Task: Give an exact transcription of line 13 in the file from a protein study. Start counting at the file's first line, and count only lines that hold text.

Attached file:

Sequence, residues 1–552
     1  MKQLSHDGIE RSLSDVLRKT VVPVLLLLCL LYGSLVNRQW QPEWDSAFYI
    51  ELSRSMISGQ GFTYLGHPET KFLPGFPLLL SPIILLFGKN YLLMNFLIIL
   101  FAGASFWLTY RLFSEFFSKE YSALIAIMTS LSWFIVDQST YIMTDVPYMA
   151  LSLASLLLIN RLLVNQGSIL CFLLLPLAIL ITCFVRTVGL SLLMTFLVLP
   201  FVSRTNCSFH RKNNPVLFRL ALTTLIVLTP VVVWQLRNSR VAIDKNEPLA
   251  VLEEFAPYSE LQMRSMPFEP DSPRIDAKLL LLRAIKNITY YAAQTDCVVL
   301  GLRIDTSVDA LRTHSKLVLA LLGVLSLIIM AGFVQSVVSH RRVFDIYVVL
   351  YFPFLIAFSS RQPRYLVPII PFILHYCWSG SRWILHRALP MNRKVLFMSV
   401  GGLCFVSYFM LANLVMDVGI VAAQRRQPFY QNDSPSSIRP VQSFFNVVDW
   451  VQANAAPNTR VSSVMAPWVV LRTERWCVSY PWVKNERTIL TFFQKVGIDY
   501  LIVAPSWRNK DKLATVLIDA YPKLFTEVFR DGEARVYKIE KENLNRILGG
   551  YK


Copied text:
   551  YK